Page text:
image credit: Little Bear Schwarz
I kid you not: I once walked past a dude with a trendy “old-timey” bearded lady tattoo, rocking what was clearly a “sideshow aesthetic” — top hat, red & black stripes, epaulets — and he turned around and audibly uttered, “eww.”
It was one of the greatest moments of mind-boggling cognitive dissonance I’d ever experienced, and trust me, as a Bearded Lady, I experience a lot.
I’m no stranger to men telling me “I’d never fuck her” and “I’d *actually* fuck her” (two sides of the same coin) in response to articles about me that had nothing to do with fucking. I’ve had fellow women with Polycystic Ovarian Syndrome who shave their faces in shame until they’re raw tell me my acceptance is setting a “bad example for girls.” I’ve had Drag Queens who rock the “Bearded Lady aesthetic” (there’s that word again) chew me out in private messages because my use of the term bearded lady “ruins the joke” and “appropriates THEIR look.” Yeah.
But this was unique in that it wasn’t just fragile masculinity, internalize misogyny, or a wildly misapplied understanding of “appropriation.”
This, I realized, was commodification.
Between American Horror Story: Freakshow, Carnivale, The Vampire’s Assistant, and, most recently, The Greatest Showman, “Sideshow Chic” has slowly become A Thing™ over the past 10-15 years. Most people don’t realize that this resurgence is in part due to the return of *actual* sideshows as an artform after a 50-odd-years-long period of dormancy.
Troupes like Wreckless Freeks, FreakShow Deluxe, Hellzapoppin Circus Sideshow Review, Circus Amok, and many more have exacerbated this trend, but yeah. Visibility is visibility. All press is good press — sort of.
What do those shows and movies have in common, aside from the fact that they all feature bearded lady characters?
That’s right — none of those characters are portrayed by actual bearded women.
If we talk about the erasure that is white-washing characters of color, cisgender actors “bravely” portraying (often antiquated) roles of transgender people, and “Oscar Baiting” with biopics about characters with mental and physical disabilities, then we also need to discuss both the erasure and unchecked, foolish irony of casting NON-sideshow freaks (a word which, by the way, many people have reclaimed, myself included) in media whose chief M.O. is bring to light the existence of living, breathing sideshow freaks.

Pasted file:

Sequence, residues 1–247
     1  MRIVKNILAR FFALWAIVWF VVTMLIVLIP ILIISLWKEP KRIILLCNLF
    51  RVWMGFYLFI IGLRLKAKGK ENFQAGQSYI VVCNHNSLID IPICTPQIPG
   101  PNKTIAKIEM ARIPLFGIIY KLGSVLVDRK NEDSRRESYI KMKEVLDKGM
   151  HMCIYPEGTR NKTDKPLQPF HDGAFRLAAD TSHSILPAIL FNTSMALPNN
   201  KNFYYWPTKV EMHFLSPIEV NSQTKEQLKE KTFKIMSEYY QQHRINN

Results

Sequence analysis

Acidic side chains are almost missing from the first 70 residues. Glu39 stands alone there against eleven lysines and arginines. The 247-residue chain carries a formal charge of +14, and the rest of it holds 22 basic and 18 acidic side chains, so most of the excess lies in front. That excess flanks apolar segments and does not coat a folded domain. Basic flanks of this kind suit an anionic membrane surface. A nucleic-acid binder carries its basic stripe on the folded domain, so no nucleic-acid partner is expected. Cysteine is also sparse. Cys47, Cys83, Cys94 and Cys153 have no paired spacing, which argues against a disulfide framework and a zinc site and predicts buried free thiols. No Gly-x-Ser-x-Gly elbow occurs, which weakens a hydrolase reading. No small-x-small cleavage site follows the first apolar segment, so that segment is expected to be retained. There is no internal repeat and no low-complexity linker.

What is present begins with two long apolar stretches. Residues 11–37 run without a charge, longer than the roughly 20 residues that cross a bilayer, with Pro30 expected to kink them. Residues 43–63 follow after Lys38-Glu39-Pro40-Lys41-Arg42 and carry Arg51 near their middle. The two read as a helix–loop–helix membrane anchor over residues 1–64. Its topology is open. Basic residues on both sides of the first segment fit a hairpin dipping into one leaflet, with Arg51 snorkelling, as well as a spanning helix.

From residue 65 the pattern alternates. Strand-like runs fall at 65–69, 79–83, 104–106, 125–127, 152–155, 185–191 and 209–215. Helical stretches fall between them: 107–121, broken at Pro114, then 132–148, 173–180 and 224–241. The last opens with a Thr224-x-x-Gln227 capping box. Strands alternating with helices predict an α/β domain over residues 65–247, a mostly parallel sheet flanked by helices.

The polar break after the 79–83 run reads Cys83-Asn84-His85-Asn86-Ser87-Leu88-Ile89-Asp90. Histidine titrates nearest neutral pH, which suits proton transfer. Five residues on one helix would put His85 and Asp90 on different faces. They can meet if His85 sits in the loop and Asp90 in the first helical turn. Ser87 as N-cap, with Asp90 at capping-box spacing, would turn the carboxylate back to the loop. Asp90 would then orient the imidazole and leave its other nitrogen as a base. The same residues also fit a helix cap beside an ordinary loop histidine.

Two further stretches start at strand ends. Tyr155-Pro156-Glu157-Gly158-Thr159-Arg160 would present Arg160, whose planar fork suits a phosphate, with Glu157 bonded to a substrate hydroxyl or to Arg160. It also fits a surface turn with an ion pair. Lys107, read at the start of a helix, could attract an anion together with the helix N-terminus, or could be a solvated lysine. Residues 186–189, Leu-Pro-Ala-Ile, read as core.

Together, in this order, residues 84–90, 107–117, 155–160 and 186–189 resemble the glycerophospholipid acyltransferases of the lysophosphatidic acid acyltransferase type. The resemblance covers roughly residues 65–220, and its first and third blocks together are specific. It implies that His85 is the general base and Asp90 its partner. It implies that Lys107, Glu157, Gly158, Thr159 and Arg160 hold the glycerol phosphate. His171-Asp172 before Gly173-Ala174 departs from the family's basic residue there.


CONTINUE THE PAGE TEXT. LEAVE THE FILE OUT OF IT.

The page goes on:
(And before anyone starts: Tod Browning made Freaks in 1932, with ACTUAL sideshow performers. Not to mention, I was cast in the STARZ sitcom “Blunt Talk” two years ago when the Casting Director was looking for authentic bearded women. So consider your, “Well maybe they don’t know you’re real!” card to be trumped!)
So the result, therefore, is a culture of “fans” considering us Sideshow Freaks — bearded ladies included — to be “neat” and “fun,” but not actually real. Enter: Mr. Cognitive Dissonance who thinks nothing of his Ol’ Timey tattoo, but a whole lot of me.
His follow up, by the way? “Well, I like unicorns too, but if I saw one on the street, I’d think it was pretty damn weird.”
And there you have it.
I don’t care how “inspirational” or “brave” or “fun” or “unique” you find these characters to be in their sepia-tone filters and frilly bustles. I want to know what you do when real, living women in 2018 like me are accosted at bus stops, shared as memes on Reddit, and “discretely” pointed at on the street.
I don’t care how much you admire us. I want to know how much you respect us, and whether you will defend us.
We don’t disappear when the movie ends.
That said, if it was my hope to find commiseration with my fellow performers, I would be met with a painful reality.
Those who know me know that I like to talk about occupying what I call “Liminal Space.” That is: when your identity is as such that the status quo-based Right sees you as too fringe, but the social Jjstice-based Left sees you as too advantaged. It’s a weird, nomenclature-less blend of privileged and oppressed that no one on either end knows what to make of.